Trudeau government keeps ‘imagining’ while Canadians suffer the economic consequences
Back in 2015, Justin Trudeau was elected prime minister in part because of his different disposition compared to then-prime minister Stephen Harper. It was not Trudeau’s experience in government, which was limited, nor his experience in business, which was non-existent. But rather his exuding optimism that differentiated him from the other party leaders and led the Liberals to victory.
Unfortunately, that optimism and policy by imagination has not been tempered over the last five years by the reality of government. In reality, governments of all political stripes face unique incentives and constraints that limit their ability to create, manage and reform programs and services.
For instance, the Liberal 2015 economic plan included a substantial increase in federal infrastructure spending to “turn our economy around and get it growing again.” The plan included $17 billion in new infrastructure spending over the first four years. Put differently, the Liberals imagined they could easily introduce additional infrastructure spending quickly and effectively.
A number of studies have highlighted the delays in federal infrastructure spending. The Trudeau Liberals seemingly ignored the practicality and time required to identify projects, negotiate agreements with other governments, secure contractors and permits, and so on. Indeed, a 2020 report by the Parliamentary Budget Officer (PBO) found that federal spending continues to lag behind schedule—and there’s limited evidence federal infrastructure resulted in additional provincial spending. In 2018-19, federal infrastructure spending increased by $1 billion but provincial spending declined by $733 million, offsetting almost three-quarters of the federal increase.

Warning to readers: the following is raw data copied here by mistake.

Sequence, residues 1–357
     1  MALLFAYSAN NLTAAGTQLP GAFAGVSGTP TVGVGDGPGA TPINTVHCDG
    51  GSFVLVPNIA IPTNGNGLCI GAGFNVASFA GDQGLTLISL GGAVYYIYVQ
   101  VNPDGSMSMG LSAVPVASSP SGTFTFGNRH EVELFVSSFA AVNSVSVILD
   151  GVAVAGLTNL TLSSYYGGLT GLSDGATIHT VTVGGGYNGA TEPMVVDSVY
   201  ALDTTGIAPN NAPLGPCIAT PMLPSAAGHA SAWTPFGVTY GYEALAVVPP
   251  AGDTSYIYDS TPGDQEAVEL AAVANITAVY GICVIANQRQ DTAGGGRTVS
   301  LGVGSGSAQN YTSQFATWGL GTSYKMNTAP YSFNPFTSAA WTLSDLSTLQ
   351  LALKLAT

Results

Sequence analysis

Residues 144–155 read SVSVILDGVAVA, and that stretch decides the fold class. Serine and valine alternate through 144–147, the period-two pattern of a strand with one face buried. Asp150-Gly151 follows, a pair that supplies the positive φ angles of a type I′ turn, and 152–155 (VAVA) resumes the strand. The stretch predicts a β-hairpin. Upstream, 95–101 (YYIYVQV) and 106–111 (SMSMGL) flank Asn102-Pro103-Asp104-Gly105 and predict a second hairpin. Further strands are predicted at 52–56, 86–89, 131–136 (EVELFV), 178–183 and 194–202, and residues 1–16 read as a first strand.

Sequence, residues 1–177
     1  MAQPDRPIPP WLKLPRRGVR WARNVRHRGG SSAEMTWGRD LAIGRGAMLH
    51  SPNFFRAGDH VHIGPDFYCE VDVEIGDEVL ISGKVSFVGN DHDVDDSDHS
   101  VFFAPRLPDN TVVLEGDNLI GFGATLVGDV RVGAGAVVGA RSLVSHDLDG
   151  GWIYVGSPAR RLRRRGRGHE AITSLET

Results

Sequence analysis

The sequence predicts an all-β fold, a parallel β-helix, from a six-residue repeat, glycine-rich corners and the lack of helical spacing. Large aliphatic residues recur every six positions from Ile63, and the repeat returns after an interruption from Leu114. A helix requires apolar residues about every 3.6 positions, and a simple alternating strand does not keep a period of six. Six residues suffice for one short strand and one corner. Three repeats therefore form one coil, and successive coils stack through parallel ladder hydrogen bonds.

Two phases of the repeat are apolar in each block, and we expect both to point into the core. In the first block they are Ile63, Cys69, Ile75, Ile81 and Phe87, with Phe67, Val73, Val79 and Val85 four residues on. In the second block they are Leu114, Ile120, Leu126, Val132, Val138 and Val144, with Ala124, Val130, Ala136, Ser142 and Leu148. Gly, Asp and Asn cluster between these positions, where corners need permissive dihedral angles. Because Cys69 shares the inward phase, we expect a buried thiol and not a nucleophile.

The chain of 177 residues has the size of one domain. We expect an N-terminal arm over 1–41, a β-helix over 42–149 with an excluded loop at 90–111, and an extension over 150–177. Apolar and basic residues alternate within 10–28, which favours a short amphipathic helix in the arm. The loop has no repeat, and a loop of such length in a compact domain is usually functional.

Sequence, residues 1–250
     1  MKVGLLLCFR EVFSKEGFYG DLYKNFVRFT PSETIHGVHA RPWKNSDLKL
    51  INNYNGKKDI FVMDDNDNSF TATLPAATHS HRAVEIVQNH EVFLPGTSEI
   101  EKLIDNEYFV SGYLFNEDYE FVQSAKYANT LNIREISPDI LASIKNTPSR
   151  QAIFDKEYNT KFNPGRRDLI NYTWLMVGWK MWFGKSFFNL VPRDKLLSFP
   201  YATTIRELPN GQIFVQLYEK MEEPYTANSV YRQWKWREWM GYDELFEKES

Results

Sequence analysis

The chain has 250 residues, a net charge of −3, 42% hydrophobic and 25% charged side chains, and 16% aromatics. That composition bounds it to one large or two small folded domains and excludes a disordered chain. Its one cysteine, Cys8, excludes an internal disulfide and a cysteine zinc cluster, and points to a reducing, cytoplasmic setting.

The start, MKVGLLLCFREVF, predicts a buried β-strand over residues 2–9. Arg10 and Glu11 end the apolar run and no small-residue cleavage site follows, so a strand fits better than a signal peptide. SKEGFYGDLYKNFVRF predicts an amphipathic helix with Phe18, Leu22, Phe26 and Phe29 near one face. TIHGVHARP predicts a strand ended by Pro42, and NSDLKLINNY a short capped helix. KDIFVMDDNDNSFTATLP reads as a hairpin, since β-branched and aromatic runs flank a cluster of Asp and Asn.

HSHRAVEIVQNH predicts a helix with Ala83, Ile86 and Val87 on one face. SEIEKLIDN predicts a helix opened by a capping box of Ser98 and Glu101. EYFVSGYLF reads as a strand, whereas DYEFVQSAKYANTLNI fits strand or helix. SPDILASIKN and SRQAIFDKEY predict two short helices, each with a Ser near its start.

Next, consider the Trudeau government’s much touted innovation agenda, which promised to create five super-clusters that would leverage private-sector money. In 2017, then-finance minister Bill Morneau heralded the ability of his government to allocate investment capital, saying “we’re investing in sectors where we know we can beat the world… we’re definitely choosing places where we can win globally” and “we’re making investments to grow our economy.”
But a 2020 PBO study of the innovation initiative found pretty dismal results. Only 29 per cent of the original budget had been spent by 2019-20 and 59 per cent of that spending was on administration and operating costs rather than actual investments. Moreover, for the 45 research projects approved, almost $100 million had been committed but not necessarily spent. The PBO concluded by saying it was skeptical the program would meet its stated objectives, particularly in terms of improving the economy.
Or take the more mundane task of paying employees. A 2018 report by the auditor general found that the federal payroll system remained plagued by problems, with errors in 2018 reaching $615 million, affecting more than 150,000 federal employees.
That may seem like old news. But contrast the government’s inability to complete the simple task of paying its employees against its imagined capabilities. In its upcoming spring budget, the Trudeau government will likely announce major new initiatives. Its recent throne speech referenced a new national pharmacare program, a new federal daycare program, investments in clean technology and more COVID/recession recovery plans, not to mention a potential remaking of the Canadian economy.
And this is all taking place during a time of deteriorating economic performance. Consider that per-person economic growth (inflation-adjusted) in Canada, between 2016 and 2019 (before COVID and the recession), averaged 0.8 per cent annually—compared to 1.5 per cent during the comparable pre-recession period under Harper (2011-14) and 3.7 per cent under Jean Chrétien (1997-00).
Moreover, private business investment has collapsed. On average, business investment (inflation-adjusted) declined by 0.2 per cent annually (on average) between 2016 and 2019 while it grew by 5.1 per cent between 2011 and 2014 and by 7.5 per cent between 1997 and 2000. And despite misperceptions, it’s not just happening in the energy sector; a 2019 study found that roughly two-thirds of Canada’s industrial sectors experienced declines.
So long as Trudeau government policies are guided by imagination rather than practical reality, it will continue to overpromise and underdeliver while Canadians endure slower economic growth and a less prosperous economy.